Darius Stewart is the author of Intimacies in Borrowed Light (EastOver Press 2022) and Be Not Afraid of My Body: A Lyrical Memoir (Belt Publishing 2024). His poetry and creative nonfiction appear or are forthcoming in The Arkansas InternationalBrinkThe Brooklyn ReviewCallalooCimarron ReviewFourth GenreGargoyleMeridianThe Potomac ReviewSalamanderstorySouthVerse Daily, and others. Darius received an MFA in poetry from the Michener Center for Writers at the University of Texas at Austin (2007) and an MFA from the Nonfiction Writing Program at the University of Iowa (2020). In 2021, the East Tennessee Writers Hall of Fame honored him with the inaugural Emerging Writer Award. He is currently a Lulu “Merle” Johnson Doctoral Fellow in English at the University of Iowa. He can be reached at

Obscured Environments: A Generative Poetry Workshop
Sorensen Hall, June 27-29, 1:45 p.m. – 3:15 p.m. each day

Poet Brenda Hillman writes, “everything has a border doesn’t it? the edge where light can not get in/ until joy knows the original wound.” Throughout this generative workshop, we will examine the ways that our environments have shaped our ways of seeing, memories, dreams, and our ideas of the self. We will explore our connections to our landscapes and environments, as well as moments where we may feel distanced, or even alienated from them. In looking to the natural world, we will question the borders that exist around us that we have put in place, as well as the borders that have been put in place before us.

During this workshop, we will have the chance to explore personal and familial relations to place, in addition to the cultural and historical pasts they may be embedded. We will work to look directly at what is physically there, as well as what is unknown and even unseeable. In this way of seeing, we will follow Gloria Anzaldúa’s statement that, “The reasoning mind’s reality is not higher than the imagination’s.” This workshop will involve various writing activities, as well as opportunities to share the work written in this space with one another.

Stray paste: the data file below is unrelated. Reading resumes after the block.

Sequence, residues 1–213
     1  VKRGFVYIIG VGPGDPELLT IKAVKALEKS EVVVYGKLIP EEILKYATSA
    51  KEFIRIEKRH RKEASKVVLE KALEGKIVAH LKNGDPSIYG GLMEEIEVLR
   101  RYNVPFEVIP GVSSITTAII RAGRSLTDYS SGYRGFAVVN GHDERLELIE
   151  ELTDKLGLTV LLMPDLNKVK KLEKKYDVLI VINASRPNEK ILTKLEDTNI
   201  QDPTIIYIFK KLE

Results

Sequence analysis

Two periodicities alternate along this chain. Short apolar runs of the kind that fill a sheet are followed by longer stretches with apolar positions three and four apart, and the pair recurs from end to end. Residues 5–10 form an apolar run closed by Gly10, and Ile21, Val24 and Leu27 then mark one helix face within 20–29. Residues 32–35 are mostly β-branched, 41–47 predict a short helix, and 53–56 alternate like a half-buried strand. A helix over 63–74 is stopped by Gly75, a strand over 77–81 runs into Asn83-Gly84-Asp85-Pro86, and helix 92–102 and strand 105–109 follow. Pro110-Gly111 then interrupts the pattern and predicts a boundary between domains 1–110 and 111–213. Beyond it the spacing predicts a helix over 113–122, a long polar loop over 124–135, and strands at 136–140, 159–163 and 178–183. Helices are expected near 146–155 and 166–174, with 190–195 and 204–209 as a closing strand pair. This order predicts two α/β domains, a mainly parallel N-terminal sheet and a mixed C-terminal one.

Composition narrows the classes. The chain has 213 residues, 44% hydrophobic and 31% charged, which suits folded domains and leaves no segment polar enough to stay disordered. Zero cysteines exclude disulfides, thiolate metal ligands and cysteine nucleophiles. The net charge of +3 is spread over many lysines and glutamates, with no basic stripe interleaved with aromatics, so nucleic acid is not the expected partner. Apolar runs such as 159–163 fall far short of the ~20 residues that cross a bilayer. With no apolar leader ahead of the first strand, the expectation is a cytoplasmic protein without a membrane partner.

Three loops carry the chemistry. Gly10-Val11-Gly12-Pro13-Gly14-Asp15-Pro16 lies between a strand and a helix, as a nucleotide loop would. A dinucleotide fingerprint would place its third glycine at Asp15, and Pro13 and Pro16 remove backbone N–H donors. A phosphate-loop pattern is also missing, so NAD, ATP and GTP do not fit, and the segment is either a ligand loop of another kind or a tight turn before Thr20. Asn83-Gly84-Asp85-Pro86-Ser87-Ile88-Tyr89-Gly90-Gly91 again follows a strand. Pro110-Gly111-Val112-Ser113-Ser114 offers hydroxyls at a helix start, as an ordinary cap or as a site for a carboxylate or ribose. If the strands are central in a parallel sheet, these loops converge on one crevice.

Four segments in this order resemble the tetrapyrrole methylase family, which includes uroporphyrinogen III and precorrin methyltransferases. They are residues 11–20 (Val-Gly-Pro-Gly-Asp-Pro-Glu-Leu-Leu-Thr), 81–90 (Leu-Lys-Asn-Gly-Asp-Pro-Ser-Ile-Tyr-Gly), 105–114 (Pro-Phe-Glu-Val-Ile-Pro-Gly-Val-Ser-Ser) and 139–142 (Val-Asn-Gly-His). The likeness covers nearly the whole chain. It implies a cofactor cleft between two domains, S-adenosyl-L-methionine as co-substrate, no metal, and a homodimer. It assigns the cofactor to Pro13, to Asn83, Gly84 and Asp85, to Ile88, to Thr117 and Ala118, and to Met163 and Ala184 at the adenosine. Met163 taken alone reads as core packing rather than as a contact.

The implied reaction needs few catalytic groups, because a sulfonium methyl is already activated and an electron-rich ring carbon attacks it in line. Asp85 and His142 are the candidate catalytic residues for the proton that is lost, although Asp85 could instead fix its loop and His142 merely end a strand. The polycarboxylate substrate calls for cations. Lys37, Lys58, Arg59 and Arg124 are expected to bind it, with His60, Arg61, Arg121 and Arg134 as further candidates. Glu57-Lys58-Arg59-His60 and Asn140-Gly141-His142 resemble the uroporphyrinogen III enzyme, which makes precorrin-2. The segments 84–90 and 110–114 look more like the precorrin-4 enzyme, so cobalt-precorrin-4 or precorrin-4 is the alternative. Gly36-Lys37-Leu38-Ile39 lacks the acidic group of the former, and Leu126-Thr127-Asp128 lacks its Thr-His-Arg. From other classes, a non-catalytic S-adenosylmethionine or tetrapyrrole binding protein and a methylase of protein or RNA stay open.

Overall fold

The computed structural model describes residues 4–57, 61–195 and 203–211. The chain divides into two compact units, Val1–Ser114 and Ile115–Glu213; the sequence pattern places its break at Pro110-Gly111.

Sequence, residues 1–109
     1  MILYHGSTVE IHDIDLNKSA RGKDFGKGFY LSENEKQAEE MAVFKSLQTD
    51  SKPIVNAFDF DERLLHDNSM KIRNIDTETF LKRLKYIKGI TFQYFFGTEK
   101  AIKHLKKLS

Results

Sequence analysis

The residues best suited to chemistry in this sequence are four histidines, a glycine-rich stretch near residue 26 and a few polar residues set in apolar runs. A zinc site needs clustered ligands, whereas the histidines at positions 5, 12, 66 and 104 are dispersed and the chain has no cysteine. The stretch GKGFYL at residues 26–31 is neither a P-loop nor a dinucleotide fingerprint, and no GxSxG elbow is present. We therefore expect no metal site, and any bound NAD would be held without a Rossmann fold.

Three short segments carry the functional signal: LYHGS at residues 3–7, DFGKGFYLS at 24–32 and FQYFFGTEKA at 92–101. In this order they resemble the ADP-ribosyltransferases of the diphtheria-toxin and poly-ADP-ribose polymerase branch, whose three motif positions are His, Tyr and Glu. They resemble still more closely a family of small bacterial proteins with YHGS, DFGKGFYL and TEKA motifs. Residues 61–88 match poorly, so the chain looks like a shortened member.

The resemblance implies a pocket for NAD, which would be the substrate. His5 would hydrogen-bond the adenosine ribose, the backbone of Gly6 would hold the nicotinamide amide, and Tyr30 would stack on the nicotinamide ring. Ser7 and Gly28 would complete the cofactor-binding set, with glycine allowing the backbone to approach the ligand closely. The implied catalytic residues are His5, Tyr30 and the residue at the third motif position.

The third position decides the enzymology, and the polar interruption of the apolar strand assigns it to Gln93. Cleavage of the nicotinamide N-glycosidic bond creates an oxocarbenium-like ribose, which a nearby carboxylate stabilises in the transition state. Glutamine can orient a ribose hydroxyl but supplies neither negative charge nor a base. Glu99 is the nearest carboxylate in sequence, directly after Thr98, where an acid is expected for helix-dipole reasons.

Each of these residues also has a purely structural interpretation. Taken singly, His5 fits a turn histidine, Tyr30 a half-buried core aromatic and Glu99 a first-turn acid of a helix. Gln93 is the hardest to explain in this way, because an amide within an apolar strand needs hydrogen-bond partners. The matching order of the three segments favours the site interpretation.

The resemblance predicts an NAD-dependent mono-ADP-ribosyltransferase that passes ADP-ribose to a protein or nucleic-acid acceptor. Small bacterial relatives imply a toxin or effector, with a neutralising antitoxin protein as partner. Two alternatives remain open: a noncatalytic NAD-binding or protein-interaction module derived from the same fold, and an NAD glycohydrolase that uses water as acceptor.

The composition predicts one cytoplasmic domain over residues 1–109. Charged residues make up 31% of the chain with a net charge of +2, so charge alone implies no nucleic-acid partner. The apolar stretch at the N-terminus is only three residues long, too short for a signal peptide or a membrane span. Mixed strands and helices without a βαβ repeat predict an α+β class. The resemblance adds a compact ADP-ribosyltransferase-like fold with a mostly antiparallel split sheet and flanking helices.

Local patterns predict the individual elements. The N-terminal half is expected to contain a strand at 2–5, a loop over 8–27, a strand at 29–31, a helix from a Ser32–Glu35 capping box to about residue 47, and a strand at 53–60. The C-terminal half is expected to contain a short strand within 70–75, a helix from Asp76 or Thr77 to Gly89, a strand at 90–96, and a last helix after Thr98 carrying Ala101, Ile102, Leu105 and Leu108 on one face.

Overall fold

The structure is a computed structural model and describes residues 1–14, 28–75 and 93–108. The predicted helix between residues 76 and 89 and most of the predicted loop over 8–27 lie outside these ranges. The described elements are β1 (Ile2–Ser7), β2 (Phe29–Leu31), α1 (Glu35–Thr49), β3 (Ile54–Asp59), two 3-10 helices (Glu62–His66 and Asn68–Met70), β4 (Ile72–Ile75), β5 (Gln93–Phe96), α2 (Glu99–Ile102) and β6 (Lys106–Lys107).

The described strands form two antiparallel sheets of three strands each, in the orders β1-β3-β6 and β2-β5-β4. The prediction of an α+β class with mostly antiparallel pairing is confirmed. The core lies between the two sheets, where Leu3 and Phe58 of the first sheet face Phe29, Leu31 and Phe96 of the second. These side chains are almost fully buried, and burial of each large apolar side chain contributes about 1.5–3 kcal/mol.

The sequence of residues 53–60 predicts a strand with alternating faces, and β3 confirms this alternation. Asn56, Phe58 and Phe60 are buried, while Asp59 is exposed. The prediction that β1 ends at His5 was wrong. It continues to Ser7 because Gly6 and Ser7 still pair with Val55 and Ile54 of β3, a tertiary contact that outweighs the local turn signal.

Instructor Bio: 

Sara Lupita Olivares is the author of Migratory Sound (The University of Arkansas Press), which was selected as winner of the CantoMundo Poetry Prize, and the chapbook Field Things. Her poems have appeared or are forthcoming in The New York TimesBlack Warrior Review, Salt Hill JournalFugue, The Colorado Review, and elsewhere. She has received support from the Vermont Studio Center. Currently she lives in the Midwest and is an assistant professor of English at the University of Illinois Springfield.

Revising a Novel Draft by Draft
Sorensen Hall, June 27-, 3:30 – 5:00 p.m. each day

Have you written a draft of a novel but struggle to know where to begin with revision? Have you started drafts of your novel but always bogged down in the messy middle? In this class, you’ll learn how to go from “discovery draft” to polished manuscript. Through a mix of lecture, examples, discussion, and in-class exercises, you’ll develop a stronger sense of direction for your novel-writing project and more confidence in your own writing process.

Instructor Bio: 

Rebecca McKanna was born and raised in Iowa. Her debut novel, Don’t Forget the Girl, was published by Sourcebooks Landmark in June. Her short stories have been anthologized in The Best American Mystery Stories 2019 and recognized as distinguished in The Best American Short Stories 2019. She has been published in Colorado Review, Michigan Quarterly Review, The Rumpus, McSweeney’s Internet Tendency, Third Coast, Joyland, and as one of Narrative’s Stories of the Week, among other publications. She is an associate professor of English at the University of Indianapolis.